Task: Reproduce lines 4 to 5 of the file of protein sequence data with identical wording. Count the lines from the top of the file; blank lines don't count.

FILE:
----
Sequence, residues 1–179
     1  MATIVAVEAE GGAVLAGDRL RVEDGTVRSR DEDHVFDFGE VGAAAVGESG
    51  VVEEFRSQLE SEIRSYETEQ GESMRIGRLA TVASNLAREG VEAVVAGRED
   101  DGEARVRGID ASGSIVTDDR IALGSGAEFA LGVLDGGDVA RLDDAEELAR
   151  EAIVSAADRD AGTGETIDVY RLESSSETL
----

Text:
   101  DGEARVRGID ASGSIVTDDR IALGSGAEFA LGVLDGGDVA RLDDAEELAR
   151  EAIVSAADRD AGTGETIDVY RLESSSETL